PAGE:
Remembering Sencholai massacre BY INDU RAJ
I screamed. I ran. I hid. Just a few hours ago we were all learning the required First Aid skills to attend to wounded people. The workshop was meant to last ten days and we were in our second day. There was a total of 400 students attending the same workshop.
At 7 am Kfir jets were seen from a distance and we assumed it was flying elsewhere, but it was quickly approaching us. The bombing began. We all started running and as I was lying there I was wondering:
“Why us? What have we done?”
I was praying for the jets to go away but they came back and they used more military weapons to attack us.
I saw my friends getting wounded and killed. Everything was in complete disorder with everyone running in every direction to find better cover in-between the strikes. With my heart in my neck I ran to attend to the injured girls and we carried them to safer places. As we were helping them the jets would come back and we would have to run to cover. When attempting to assist other girls we’d get hurt ourselves.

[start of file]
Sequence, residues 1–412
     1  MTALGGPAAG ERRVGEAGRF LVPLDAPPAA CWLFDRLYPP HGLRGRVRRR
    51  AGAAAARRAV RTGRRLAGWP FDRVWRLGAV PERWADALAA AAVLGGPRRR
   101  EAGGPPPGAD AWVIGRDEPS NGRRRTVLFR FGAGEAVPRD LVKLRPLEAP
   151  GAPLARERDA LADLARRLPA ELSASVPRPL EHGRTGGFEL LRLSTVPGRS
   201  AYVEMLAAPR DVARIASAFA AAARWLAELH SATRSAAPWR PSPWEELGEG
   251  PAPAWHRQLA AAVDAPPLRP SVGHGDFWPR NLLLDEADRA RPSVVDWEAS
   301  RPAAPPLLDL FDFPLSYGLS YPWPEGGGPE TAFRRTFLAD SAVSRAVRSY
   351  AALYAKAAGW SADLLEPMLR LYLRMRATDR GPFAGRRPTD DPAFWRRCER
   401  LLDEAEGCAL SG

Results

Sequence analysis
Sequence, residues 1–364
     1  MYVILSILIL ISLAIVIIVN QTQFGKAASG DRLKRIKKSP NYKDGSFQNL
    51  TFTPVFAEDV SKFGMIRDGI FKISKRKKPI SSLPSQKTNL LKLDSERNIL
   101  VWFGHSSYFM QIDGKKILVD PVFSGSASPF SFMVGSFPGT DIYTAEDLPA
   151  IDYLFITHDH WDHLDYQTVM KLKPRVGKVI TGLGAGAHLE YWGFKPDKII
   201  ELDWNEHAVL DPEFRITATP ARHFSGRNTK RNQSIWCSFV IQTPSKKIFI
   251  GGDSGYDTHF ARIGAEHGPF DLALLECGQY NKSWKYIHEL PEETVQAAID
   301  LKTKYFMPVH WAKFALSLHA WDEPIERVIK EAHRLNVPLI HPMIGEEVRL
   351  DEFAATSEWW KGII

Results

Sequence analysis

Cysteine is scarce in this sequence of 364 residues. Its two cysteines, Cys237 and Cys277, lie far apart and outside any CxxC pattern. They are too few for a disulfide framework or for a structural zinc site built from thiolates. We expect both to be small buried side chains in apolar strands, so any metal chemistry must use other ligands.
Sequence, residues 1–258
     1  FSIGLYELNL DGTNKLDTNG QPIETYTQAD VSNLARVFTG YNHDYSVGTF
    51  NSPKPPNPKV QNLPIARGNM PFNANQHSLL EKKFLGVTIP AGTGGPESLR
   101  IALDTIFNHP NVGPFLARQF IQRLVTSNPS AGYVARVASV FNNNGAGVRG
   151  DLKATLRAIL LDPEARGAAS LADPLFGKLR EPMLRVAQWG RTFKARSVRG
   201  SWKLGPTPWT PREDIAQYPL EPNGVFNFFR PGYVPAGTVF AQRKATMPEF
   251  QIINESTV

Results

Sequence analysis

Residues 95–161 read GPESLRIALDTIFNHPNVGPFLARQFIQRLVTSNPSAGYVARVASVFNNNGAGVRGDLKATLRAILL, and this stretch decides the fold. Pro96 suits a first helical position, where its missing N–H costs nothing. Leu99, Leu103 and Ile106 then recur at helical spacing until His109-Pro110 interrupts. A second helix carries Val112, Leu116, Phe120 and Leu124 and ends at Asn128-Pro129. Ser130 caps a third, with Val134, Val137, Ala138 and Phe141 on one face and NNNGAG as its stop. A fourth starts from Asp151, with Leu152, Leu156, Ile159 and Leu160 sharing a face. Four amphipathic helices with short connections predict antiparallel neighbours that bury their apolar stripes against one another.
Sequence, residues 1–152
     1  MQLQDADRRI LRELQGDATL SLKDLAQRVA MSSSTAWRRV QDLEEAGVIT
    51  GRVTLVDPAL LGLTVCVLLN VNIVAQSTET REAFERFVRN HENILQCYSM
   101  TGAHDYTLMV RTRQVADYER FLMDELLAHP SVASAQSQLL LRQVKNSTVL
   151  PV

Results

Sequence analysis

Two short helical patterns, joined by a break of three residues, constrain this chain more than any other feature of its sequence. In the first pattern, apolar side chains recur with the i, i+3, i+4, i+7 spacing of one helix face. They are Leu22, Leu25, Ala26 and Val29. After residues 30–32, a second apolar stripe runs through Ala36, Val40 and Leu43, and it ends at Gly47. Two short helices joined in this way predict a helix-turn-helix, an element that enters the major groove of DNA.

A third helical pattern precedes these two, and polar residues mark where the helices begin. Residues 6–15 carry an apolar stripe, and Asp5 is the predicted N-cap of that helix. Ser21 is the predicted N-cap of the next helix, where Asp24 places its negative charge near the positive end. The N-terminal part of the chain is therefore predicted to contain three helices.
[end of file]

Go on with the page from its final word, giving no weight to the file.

It could have been any of us.
14th August 2006: 53 of our sisters died, 150 were wounded, lost limbs, had severe burns and had many injuries. 3 staff members also lost their lives. The attacks were brutal and the memories from it will always remain with the girls. 16 bombs were dropped in total over the orphanage in Vallipuram by four Sri Lankan State owned jets that flew over Vanni. It was known to be a humanitarian zone and the GPS coordinates of the area had been passed to the SL military by both UNICEF and the Red Cross.
Innocent Tamil children were targeted. Why? Because they knew the next generation of fighters will be born and we will take what is ours. Those kids had lost their parents during the war and had already suffered a great deal. The children were labelled as “terrorists” and the orphanage labelled as a training camp by the Sri Lankan government. But international aid workers confirmed that this was definitely absurd as there were no evidence for the presence of the LTTE.
“I would urge the international community to unreservedly condemn the Colombo government for the aerial attack, and to exert pressure on the GoSL to adhere to basic humanitarian principles.” Ms Mary Arulappan Juliet
We remember you girls and we will not stop until we gain justice for the lives you lost.
They say the war is over.
But, have we gained justice, have we gained Tamil Eelam or have the Tamil people been allowed peace?
Slowly and subtly every evidence of the existence of Tamils are being eradicated – our people need us.
So as we promise ourselves today, we will keep going.
We will keep going until our Tamil people are free from genocide.